For legal realists such as Oliver Wendell Holmes[12] who wrote in “The Common Law” in 1923, that the law was hardly a system of rules, we would not need lawyers conducting antipathetic proceedings. Because judges could only administer the rules but the concept of justice varies. In fact, judges have presence of mind with which they can decide a case in various ways.

Law and Justice

Otto Von Bismarck[13] said “People who love sausage and people who believe in justice should never watch either of them being made.”

It is believed that it is easy to assign the law in the same way to all cases will give rise to justice, its unnecessary. It is hard to ensure justice for everyone. The judge is also a human being and often he is represented with information from altered or modified point of view. One area of the law in England & Wales where there has been a lot of debate is on the amount of force a person can use on a burglar who breaks into that person’s home[14].

Majority of people would accept that the aim of any legal system should be justice. In the totalitarian regimes in Iraq, under the precedency of Saddam Hussein (1979-2003) and in Russia under Joseph Stalin (1941-1953), where the law was just a means of repression, not a means of doing justice. Aristotle (384 BC – 322 BC)[15] taught that “fairness” is the basis of justice that we find in two forms: Distributive Justice and Corrective Justice. However, this simply replaces “What is just?” and “With what is fair?”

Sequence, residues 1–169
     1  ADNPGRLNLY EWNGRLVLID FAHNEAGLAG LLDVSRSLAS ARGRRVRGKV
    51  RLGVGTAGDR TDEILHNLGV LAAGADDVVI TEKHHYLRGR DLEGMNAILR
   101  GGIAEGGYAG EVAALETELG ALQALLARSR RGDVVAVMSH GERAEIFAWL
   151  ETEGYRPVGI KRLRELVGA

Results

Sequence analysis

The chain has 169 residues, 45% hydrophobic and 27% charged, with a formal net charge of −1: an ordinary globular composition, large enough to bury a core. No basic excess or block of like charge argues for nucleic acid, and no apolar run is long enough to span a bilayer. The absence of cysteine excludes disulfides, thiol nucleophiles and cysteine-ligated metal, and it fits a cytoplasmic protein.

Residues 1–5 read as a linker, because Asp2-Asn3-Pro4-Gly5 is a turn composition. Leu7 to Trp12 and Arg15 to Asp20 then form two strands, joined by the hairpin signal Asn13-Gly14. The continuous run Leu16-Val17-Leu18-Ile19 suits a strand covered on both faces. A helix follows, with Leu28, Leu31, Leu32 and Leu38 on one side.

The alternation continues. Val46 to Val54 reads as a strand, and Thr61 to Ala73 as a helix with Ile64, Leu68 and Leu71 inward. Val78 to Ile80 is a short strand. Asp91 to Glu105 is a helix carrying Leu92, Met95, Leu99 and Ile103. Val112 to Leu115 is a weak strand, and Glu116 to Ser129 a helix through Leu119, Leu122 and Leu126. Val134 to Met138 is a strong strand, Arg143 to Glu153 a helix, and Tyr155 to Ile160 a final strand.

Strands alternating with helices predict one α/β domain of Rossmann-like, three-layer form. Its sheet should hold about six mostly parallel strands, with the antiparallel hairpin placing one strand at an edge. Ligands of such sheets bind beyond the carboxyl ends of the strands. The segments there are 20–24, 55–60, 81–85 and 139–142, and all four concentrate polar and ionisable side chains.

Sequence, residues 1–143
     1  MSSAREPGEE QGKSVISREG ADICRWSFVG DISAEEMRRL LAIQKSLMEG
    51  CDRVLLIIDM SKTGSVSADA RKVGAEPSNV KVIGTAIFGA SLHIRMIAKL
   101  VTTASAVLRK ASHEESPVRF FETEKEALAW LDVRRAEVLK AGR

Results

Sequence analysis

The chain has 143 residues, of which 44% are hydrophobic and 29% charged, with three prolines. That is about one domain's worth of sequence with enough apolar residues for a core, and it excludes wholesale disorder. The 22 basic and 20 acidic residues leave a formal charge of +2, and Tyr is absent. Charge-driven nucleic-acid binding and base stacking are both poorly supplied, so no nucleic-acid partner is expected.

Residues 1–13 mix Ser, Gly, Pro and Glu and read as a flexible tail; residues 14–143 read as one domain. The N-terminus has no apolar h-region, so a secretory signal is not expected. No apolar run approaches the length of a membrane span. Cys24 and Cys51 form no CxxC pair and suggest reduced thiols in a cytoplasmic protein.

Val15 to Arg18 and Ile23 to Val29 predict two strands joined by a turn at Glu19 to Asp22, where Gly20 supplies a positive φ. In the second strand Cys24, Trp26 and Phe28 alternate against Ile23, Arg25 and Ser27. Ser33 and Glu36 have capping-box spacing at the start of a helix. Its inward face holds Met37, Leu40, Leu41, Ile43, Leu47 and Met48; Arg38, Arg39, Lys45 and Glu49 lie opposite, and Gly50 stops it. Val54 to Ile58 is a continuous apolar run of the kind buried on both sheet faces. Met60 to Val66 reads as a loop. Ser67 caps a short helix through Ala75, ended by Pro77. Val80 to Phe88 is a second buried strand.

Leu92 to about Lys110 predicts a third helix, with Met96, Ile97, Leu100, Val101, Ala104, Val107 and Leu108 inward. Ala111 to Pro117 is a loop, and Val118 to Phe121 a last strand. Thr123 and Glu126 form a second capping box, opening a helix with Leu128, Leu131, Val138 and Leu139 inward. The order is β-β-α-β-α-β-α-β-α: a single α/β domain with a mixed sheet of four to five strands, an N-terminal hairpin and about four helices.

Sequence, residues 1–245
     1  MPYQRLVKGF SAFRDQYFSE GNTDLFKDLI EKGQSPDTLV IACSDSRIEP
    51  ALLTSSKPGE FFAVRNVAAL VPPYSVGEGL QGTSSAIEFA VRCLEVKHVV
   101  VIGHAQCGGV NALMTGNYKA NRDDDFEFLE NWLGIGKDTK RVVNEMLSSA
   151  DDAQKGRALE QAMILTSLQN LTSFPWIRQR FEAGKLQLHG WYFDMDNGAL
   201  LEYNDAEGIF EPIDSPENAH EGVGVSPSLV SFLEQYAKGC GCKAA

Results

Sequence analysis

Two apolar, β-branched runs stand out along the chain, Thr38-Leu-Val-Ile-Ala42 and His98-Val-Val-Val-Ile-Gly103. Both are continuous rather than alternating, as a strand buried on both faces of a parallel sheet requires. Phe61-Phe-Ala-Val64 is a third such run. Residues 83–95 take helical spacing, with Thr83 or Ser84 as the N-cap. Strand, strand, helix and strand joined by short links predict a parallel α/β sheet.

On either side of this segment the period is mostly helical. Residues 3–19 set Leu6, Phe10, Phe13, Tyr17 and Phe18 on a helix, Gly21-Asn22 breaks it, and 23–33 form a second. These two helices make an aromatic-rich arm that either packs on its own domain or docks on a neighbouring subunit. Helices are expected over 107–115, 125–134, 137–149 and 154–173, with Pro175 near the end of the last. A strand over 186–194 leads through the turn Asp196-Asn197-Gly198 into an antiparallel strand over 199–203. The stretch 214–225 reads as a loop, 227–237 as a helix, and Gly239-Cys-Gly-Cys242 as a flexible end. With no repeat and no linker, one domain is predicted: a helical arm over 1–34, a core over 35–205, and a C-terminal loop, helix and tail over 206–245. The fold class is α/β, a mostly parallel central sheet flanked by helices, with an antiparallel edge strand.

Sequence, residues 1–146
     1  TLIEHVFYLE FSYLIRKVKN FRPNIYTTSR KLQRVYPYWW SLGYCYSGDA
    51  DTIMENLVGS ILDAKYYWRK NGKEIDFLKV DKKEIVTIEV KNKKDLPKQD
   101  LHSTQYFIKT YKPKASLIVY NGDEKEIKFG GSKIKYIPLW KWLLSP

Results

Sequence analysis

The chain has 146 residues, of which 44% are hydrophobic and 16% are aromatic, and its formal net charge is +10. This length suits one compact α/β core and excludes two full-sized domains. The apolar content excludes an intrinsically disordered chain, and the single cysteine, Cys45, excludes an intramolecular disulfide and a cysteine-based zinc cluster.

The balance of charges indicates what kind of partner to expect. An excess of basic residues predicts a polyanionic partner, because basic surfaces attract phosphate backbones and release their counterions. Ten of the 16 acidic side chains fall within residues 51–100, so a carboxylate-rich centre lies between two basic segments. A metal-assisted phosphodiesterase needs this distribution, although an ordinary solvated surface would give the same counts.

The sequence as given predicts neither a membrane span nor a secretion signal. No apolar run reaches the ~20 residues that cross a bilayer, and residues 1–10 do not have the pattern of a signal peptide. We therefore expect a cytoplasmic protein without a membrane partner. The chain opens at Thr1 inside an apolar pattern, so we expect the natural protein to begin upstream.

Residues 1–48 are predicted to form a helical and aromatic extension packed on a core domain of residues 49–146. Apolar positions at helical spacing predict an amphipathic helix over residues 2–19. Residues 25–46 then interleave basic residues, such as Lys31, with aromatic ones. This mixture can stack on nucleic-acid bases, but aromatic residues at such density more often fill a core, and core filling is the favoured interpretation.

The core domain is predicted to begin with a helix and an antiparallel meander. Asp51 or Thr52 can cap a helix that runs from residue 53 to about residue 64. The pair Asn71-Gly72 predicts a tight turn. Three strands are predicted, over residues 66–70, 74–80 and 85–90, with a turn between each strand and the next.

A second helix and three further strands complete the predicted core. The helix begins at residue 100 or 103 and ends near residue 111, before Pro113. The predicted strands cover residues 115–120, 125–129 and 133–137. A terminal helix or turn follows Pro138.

Justice might be assigned according to merit; to worth, to need, to status, or according to privilege. But whichever criterion we use, subjective facts come into play.  Dworkin concluded the province of policy which was the role of Parliament to determine and not for the court. The law is said to be a means to an end and for substantive justice. It exist not only must the procedures by which the law is applied be seen to be fair but also the content of the law that is; the social ends to be achieved. The analysis of substantive justice brings us back to such questions as to role of law in society and the relationship of law and morality.

In practice we can that often the law written and what is followed is different. This is a question of governance. In a poor governance system we can observe a lot of laws but few of them in practice[16]. But in the developed system we see few written law but all in action and judges relies on their own judgment for giving decision.